Wednesday, February 5, 2014

A Transformation Gone Too Far

No, no, no, no, no, no. No. NO!

That’s all I could think when I watched the new champ of “Biggest Loser” on “The Today Show” this morning. 

Somebody save her. She’s dying.

Instead, the show’s hosts kept saying how great she looked and how incredible her transformation was.

No. No. No. No.

I didn’t watch the episode. I like “Biggest Loser,” but I have trouble with eating disorder thoughts when I watch it. I immediately want to diet and lose weight again, which I’m not ready for. But I saw posts about the winner’s drastic weight loss on Facebook last night and then saw the pictures online this morning.

Rachel is in danger.

Rachel is a former athlete who put on a lot of weight and went on the show to get help. She says that while she was competing she found her inner athlete again and regained her spirit. I totally get that. It’s partially what happened to me too. I worked in an athletic environment and wanted to prove myself among my peers and superiors, so I shed weight in the name of athleticism and let that be how I explained my disorder.

“I run better. I’m just trying to win races. I want to be faster…”

This girl was aiming for the Biggest Loser triathlon, but she went too far. Just like all of us who know Ed usually do.

Before I dive in here, I want to say that I’m in no way speaking negatively about Rachel or criticizing her. How could I? I know far too well what’s involved in this kind of behavior to look down on anyone for embracing it. It feels way too good. The praise is amazing. The shopping is fabulous. The pride is through the roof. Granted, the life itself sucks, but it feels worth it.

But we have to do something here. Right now. Someone has to say something about this so that people don’t think this is what we should all aspire to. This is not healthy.  Women, shedding all of your body fat is NOT healthy. We are not supposed to be able to see every bone in your body jutting out under your skin. The ultimate goal for ourselves is to be healthy, not scary thin.

I get it. I get the desire. I get the feelings. I get the power and control that comes with losing weight. But your ultimate purpose here is NOT to bow down to the world’s idol of body image. You are so much more than that.

When we sacrifice everything for a perfect body, we lose so much. And I’m not talking about weight. Being healthy is great, and being active is important, but when those become our life and weight becomes our purpose we miss the “so much more” that’s available to us. We miss the people, things, moments around us because we’re too focused on the scale, calories, schedule, etc.

Our bodies are amazing things. They really are. But they aren’t worth our worship. The body isn’t meant to be our god. It’s a breakable, fragile, changing thing that WILL NOT maintain our idea of perfection for our entire life. Not going to happen. We are meant to worship one God—the One who won’t change, break, leave, get old or get tired, and who (unlike the treadmill) will actually love us, save us and provide for us. THAT is what we are to worship. Not an image in a mirror.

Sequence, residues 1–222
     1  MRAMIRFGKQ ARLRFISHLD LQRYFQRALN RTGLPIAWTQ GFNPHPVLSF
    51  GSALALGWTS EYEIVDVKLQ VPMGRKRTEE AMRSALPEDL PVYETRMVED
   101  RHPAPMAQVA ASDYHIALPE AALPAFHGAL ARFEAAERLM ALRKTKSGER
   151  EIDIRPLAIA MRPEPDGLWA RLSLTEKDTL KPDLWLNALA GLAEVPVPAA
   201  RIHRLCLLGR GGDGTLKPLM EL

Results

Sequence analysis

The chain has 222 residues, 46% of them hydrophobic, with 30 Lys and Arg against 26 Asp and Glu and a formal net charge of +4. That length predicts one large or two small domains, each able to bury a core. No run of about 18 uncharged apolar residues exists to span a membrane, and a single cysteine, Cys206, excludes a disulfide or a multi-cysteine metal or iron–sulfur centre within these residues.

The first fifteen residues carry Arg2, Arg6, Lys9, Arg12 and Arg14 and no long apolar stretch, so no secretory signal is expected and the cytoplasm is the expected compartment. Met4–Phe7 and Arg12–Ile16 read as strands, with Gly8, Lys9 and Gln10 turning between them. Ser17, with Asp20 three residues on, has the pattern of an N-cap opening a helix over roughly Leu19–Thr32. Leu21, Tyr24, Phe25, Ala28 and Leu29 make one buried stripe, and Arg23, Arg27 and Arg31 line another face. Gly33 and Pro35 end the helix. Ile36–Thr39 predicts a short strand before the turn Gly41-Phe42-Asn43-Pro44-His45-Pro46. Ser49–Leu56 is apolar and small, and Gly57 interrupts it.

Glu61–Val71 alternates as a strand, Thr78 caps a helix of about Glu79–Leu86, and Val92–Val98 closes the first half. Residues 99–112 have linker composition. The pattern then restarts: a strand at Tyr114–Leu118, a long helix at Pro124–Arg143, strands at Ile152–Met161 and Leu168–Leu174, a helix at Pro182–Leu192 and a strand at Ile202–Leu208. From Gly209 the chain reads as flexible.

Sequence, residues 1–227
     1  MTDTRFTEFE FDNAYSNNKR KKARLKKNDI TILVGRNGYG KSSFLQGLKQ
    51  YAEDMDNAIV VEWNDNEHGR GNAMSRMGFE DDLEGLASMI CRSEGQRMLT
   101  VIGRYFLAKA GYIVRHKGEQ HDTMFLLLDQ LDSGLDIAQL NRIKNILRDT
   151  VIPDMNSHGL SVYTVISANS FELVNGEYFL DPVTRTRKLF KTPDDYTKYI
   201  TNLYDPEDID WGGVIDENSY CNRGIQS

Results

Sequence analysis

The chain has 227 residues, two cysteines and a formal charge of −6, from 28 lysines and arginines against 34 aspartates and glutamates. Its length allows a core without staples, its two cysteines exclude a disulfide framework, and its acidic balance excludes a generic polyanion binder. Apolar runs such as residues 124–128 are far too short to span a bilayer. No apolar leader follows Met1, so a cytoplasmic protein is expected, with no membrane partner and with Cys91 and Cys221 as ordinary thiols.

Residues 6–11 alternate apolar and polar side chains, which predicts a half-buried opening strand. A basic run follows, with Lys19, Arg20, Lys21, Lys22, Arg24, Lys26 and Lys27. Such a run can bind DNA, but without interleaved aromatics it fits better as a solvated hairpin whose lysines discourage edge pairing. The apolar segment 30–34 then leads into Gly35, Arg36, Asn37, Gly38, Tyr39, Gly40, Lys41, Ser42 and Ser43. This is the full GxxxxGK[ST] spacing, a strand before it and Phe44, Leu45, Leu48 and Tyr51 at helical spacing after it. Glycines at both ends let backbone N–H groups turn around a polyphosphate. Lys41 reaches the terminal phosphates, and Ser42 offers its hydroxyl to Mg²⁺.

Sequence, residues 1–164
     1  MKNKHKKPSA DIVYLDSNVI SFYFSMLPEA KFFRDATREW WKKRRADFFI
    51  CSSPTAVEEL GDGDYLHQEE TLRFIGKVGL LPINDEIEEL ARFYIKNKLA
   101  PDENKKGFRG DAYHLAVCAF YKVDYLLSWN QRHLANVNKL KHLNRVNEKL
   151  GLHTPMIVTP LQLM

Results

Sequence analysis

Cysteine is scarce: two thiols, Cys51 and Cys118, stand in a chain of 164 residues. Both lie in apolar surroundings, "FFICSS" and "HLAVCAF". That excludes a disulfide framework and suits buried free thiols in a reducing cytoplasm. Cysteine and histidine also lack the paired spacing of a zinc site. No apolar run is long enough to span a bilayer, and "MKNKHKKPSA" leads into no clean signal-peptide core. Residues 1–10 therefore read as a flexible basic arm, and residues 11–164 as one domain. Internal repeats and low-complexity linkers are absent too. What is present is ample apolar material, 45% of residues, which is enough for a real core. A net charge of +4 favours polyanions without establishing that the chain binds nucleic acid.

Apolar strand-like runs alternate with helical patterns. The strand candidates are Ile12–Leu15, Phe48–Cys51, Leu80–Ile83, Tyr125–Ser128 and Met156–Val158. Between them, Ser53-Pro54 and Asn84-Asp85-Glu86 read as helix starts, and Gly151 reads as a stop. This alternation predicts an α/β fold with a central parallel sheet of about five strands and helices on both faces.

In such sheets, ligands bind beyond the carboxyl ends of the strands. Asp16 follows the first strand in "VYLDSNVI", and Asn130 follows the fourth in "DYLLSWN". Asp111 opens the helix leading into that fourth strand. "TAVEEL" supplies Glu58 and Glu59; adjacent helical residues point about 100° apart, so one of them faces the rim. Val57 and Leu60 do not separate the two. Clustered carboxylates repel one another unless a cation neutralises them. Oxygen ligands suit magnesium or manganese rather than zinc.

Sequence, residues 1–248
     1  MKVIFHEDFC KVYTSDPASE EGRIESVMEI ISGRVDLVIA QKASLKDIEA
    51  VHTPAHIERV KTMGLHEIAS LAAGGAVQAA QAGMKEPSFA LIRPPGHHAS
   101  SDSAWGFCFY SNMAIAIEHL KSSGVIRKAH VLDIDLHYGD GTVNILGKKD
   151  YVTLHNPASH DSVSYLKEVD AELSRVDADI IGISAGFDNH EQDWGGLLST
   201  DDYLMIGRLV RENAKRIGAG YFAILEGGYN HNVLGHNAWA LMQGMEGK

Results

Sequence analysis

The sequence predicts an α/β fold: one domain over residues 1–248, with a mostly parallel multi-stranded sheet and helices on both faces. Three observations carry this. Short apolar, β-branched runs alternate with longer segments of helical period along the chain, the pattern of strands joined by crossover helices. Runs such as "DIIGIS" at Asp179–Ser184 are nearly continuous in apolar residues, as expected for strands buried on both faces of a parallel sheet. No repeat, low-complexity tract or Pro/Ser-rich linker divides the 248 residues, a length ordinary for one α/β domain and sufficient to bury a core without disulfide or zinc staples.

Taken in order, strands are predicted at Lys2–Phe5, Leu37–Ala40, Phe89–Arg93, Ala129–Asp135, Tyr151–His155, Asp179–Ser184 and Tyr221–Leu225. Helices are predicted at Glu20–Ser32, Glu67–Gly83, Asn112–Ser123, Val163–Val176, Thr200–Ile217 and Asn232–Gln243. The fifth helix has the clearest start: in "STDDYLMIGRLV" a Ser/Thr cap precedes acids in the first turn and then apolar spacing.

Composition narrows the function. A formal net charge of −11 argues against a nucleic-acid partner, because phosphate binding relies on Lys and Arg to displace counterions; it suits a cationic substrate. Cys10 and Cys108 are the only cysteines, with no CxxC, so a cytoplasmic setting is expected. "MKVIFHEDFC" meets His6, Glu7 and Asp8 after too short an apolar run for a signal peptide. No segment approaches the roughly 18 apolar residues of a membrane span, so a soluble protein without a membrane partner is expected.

But oh, how difficult that can be when EVERYTHING in the world is screaming at us to worship our bodies. Commercials, TV shows, magazines, photos. I know. I fall prey to them all the time. Every time I see actresses on a red carpet I feel like I need to restrict calories and run 10 miles a day. Even when I watch “Good Morning America” while I’m running at the gym, I pay less attention to what the women are talking about and more attention to their appearances, wondering how often they work out and how much they eat. True story.

But eventually I get off the treadmill and tear myself away from the media, and if I’m smart I realize that there is actual life to be lived beyond the one in which I constantly pursue physical perfection. There is a life Christ died to give me, and one in which He offers me so much more peace and joy than I’ll ever find in a diet.

I want to hug Rachel. I want to help her. I want her to know that she doesn’t have to keep living under the awful pressure to be perfect. (If, in fact, that’s what she’s doing.) She’s worth so much to God whether she weighs 260 lbs. or 105. We all are.

For the sake of our nation, I hope someone has the courage to say that this “Biggest Loser” transformation was too much. I hope someone credible in the public eye says that. But at the same time, I don’t want Rachel to get hurt, which is what criticism would do to her, of course. But that also could be a good thing for her to hear. Sometimes the truth has to hurt for us to really get it.

Either way, my biggest prayer is for the young (and old) women out there to be protected from pursuing an unhealthy body based on what we’ve now glorified. Ladies, it’s not worth it. You’re beautiful just as you are. Be healthy and active, but don’t worship a false god. Your body won’t give you everything you’re looking for. Nothing will except for Christ. Turn to Him and find peace and fulfillment today.



  1. Thank you for such an insightful post. I haven't watched Biggest Loser for a few seasons now, but still saw the most recent winner on several magazine covers. You summed up that poor girl and society's expectations vs. God's wants and desires for us so well.

    As a new blogger and older (pun intended…middle-aged!) runner, I'm so happy to have found your blog and have signed up for post emails. I look forward to checking my mail box!

    Linda at

  2. Hi Jill! My name is Cam and I was wondering if I could ask you a quick question about your blog. I can be reached at cvonstjames AT gmail DOT com - Thanks! I hope to hear from you soon. :)